The suspicion that we were lab rats in the hands of this chilly German man was confirmed in his last piece, an almost strictly repetitive pulse: loud, screechy, insistent. Repeated noises like this can induce trance, and ghost words started to form themselves in the manner discovered by John Lilly.  After a few minutes, the piece became one of the more successfully annoying things I have heard—not annoying like Christian rock or all those shitty covers of old hippie hits, but artfuly annoying, in that taciturn German way, as if the probing head of Hecker’s sound scalpel had zeroed in on just the right neural networks to trigger the desire to scream or at least to flee, which some people actually began to do before the electro-hammer stopped pounding and the lights went up.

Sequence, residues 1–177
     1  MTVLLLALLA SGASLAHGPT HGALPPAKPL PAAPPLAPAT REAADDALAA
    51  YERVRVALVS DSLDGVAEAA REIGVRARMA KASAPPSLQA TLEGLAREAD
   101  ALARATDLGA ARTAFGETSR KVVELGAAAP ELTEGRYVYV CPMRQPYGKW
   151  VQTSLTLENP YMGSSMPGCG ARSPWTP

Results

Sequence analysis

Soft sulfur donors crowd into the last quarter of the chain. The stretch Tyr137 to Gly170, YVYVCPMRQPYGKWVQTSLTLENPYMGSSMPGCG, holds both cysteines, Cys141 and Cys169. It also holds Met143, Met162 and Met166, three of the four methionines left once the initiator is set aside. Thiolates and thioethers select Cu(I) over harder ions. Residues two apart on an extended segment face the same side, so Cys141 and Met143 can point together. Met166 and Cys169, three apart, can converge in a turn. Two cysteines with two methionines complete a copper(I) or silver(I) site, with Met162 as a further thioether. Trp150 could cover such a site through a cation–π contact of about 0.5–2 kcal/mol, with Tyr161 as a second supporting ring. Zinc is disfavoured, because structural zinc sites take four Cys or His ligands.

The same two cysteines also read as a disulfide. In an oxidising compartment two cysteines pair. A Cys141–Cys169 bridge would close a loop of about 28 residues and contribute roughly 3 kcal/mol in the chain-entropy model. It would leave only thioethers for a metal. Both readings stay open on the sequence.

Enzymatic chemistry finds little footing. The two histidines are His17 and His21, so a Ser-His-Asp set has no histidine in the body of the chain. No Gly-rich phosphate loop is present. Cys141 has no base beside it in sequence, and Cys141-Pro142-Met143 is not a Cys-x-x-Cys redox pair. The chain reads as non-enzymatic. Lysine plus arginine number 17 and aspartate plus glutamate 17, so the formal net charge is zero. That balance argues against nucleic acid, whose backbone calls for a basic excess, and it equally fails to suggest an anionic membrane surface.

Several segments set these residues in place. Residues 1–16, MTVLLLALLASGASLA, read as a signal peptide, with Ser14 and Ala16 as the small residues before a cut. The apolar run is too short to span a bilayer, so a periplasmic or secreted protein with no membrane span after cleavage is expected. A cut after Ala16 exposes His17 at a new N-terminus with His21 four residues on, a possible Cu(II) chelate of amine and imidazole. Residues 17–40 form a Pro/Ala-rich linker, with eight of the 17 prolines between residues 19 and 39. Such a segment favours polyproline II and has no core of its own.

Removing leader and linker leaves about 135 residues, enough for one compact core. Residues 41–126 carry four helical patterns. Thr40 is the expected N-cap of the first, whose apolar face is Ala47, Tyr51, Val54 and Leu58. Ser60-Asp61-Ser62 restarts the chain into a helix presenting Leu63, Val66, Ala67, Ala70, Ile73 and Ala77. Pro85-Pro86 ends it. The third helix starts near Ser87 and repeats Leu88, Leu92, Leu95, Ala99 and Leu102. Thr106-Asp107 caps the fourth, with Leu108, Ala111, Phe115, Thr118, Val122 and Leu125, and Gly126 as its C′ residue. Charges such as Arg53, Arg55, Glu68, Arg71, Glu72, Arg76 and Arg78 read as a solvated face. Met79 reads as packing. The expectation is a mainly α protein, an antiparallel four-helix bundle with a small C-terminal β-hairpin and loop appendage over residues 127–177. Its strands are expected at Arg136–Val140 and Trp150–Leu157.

Watson then played a new 4-channel piece, “Midnight at the Oasis,” a sublime and spectral time compression of dusk-to-dawn recordings he had made while in South Africa’s Kalahari Desert working on one of the nature documentaries he does. The familiar chitter of crickets was cut with deeply unfamiliar sounds of African birds and odder insects, and though the imaging was not as localizable as I would have expected from the set-up, the occasional mutterings of big game and serious cats did set me on edge. The dawn chorus was sublime, as not just my ears but my body swelled into the sweet tension of breaking morning light, the world fresh again, and still.